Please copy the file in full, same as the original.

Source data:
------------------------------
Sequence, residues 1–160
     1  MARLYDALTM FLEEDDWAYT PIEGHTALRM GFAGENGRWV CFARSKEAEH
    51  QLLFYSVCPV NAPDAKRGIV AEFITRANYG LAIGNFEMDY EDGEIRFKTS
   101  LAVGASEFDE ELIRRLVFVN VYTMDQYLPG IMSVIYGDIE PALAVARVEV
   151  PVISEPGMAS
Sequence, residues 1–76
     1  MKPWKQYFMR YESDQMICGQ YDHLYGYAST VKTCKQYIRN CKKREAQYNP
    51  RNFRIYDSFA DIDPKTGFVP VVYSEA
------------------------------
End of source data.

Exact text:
Sequence, residues 1–160
     1  MARLYDALTM FLEEDDWAYT PIEGHTALRM GFAGENGRWV CFARSKEAEH
    51  QLLFYSVCPV NAPDAKRGIV AEFITRANYG LAIGNFEMDY EDGEIRFKTS
   101  LAVGASEFDE ELIRRLVFVN VYTMDQYLPG IMSVIYGDIE PALAVARVEV
   151  PVISEPGMAS
Sequence, residues 1–76
     1  MKPWKQYFMR YESDQMICGQ YDHLYGYAST VKTCKQYIRN CKKREAQYNP
    51  RNFRIYDSFA DIDPKTGFVP VVYSEA